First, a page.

The reader should be warned that my story (rather than study) is only very marginally devoted to the real Alexander, but is almost wholly concerned with stories told about him after his death, both about historical events and, especially, the fantasy that scholars and poets have woven around him from antiquity down to the present day, from ancient and mediaeval Romances to modern film. His name and career have been used by authors, historians, and artists, relentlessly. They take us over a very full range of European and eastern literature and art, from Scotland to China, as well as of geography, since the whole of the Old World was deemed to have been the setting for his adventures, especially Asia. In the latter case, what I write depends rather little on personal experience of the eastern areas described (certainly not the imaginary ones, as yet) although I have tourist-travelled Iran, Afghanistan, Uzbekistan, Turkmenistan, Pakistan, north India, Ceylon, and China. My principal written sources are those I have abbreviated, and the many cited in footnotes, and which I have found in the Sackler Library in Oxford or via Abebooks. I should note especially my debt to Richard Stoneman for his many books published on the Romance aspects of the subject over the last twenty-odd years and his comments on what I have written. George Huxley and Paul Cartledge also kindly read a late draft of my text and offered many useful corrections and additions, as have others, notably Olga Palagia. Claudia Wagner has been exceptionally helpful in the preparation of the text and references to academic sources. But the reader will also surely be aware of my plundering of the Internet, verified where I could. So I would not claim this as a work of original scholarship, except in its assembly, but I hope it will appeal to some scholars unfamiliar with this area, somewhat removed from real history yet reliant upon it as well as upon the imagination of numerous writers and artists, east and west. It also has, I believe, a certain entertainment value. It is the product of a desultory but fairly thorough skimming of many different sources, an activity that has given me much pleasure, which may be, I hope, in part shared by the reader, if for no other reason than that the possibilities of expanding it seem endless. The evidence and sources are confusing, like the stories themselves, and I cannot deny having added somewhat to the confusion. Nor would I claim for this any degree of completeness. I find new references daily, but there had to be an end.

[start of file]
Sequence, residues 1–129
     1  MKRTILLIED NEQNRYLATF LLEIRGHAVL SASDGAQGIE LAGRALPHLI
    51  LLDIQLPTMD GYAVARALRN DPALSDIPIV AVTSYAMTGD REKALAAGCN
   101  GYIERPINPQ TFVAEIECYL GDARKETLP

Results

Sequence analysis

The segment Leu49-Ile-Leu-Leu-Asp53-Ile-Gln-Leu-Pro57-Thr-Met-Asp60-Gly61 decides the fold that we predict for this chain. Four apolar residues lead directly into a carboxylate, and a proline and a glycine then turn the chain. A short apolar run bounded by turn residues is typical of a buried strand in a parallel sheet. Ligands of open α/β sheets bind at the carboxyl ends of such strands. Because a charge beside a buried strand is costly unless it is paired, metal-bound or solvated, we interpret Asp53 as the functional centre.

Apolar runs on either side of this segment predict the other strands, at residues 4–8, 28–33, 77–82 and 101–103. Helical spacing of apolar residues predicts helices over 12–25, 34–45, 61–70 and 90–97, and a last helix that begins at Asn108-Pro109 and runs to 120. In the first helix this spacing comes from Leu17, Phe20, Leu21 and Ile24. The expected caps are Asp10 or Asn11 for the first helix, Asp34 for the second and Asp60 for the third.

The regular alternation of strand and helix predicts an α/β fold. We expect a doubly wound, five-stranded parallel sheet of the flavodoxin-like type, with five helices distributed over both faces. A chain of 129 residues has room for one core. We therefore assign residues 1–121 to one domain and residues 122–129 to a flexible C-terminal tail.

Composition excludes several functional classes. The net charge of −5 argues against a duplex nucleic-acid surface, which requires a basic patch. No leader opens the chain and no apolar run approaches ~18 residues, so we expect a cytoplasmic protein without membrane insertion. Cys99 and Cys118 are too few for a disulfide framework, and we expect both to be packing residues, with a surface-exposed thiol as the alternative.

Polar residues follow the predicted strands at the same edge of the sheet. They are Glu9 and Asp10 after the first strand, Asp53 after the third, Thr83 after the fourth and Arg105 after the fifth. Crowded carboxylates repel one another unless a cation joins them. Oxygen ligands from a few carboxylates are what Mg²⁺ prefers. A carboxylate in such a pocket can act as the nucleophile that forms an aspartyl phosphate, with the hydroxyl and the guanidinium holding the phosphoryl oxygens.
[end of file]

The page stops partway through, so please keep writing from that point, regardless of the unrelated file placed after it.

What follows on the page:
Alexander the Great lived in the fourth century BC, a Macedonian, born in Macedonia, the country at the northeast of the Balkan peninsula, abutting onto the Black Sea, neighbour to Illyria, Thrace, and other immigrant states. The Macedonians were remotely related to the Greeks, who had made their way to the south of the peninsula much earlier, from the sixteenth century BC on, becoming our Mycenaean Greeks. The Macedonians too were Indo-Europeans, and spoke a language related to Greek (as well as to much else that hailed distantly from the Indo-European east), if not always mutually intelligible in our period. They were a single nation with a royal family, unlike the Thracians’ petty kings, the Illyrians and other neigh-bours, and unlike the Greek-speaking tribes who had preceded them, by a considerable time, moving eventually to the south of the peninsula and beyond—south (Crete, Mycenaeans destroying the Minoan civilisation) and east (Anatolia and fighting Troy). By the fourth century BC the Macedonian kings had decorated palaces, built royal tombs, and were dependent on Greek arts and probably Greek artists, as was much of the eastern Mediterranean world by then. I suspect that they were temperamentally most like the Romans, also Indo-Europeans, who might have gone west into Italy at about the same time as the Macedonians entered the Balkans. Greece of our period was very different: dozens of independent cities—some democracies—of sorts, with an occasional local king or tyrant for each city-state. They never united until forced to by others and then selectively, and Hellas signified a common race and language, not a common government. In the Bronze Age, they had been ruled from a group of independent fortified Greek citadels (like Mycenae and Pylos), and in the historic period, any empires they formed (e.g., the Athenian) were short-lived, limited, and on home ground. On occasion, some (not all) could collaborate against a foreigner (Persians, Lydians), but they rated profit from foreign contacts more highly. They spent a lot of time fighting each other.